America Goes to School: Law, Reform, and Crisis in Public Education

By Robert M. Hardaway | Go to book overview

Chapter Six
Alternative Methods of Segregation: Bilingual and Special Education

It is beyond the scope of this book to review all the law relating to public education, although there are a number of texts that do so. 1 Instead, this chapter considers the important landmark decisions of the American judicial system and evaluates the effects of those decisions on public education in the area of bilingual and, special education. Although these areas have been briefly mentioned in earlier chapters discussing the reform of public education, they are considered here in the legal context of judicial application of the due process and equal protection clauses of the Fourteenth Amendment. More specifically, this chapter considers the effects of such judicial intervention on the quality of public education.

One legal scholar has observed the surprising frequency with which "the Constitution has provided the law that directly controls an educational issue. Moreover, it always provides the fundamental legal framework within which every educational issue must be resolved." 2 In the early case of Marbury v. Madison, 3 it was determined that the Constitution gives to the Supreme Court the power to determine whether laws or government policies are constitutional.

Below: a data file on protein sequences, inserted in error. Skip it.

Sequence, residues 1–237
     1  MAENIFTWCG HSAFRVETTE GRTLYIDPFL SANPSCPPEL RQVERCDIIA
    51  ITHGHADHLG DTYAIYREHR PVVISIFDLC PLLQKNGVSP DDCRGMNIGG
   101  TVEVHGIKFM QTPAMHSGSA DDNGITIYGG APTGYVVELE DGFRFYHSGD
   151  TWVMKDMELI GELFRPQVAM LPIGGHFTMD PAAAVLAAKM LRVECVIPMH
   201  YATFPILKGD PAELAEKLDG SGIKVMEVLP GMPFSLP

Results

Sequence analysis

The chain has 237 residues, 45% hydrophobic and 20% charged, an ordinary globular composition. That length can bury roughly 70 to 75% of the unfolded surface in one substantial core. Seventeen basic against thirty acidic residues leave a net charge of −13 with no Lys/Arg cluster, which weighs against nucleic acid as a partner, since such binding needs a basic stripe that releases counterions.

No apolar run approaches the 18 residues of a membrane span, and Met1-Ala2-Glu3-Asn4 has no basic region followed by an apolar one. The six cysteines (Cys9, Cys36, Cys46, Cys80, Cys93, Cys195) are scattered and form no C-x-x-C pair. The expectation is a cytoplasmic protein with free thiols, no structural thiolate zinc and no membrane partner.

In the previous chapter, the role of racial discrimination in the segregation of the public schools was discussed. However, racial considerations are but one of the factors used by schools to segregate students. It will be recalled that segregation by age was the basis for the Prussianization of the American schools during the period following the Civil War. 4 Theories of male superiority and domination resulted in the segregation of sexes in the educational establishment, with females predominating as teachers, and males predominating under the Prussian "male leadership principle as supervisors and administrators. 5

Other methods of segregating students according to perceived differences in characteristics persist today in the public schools. Special education and programs of bilingual education continue to segregate students according to primary language, national origin, and socioeconomic status. It is to the Supreme Court's intervention in these areas that we now turn.

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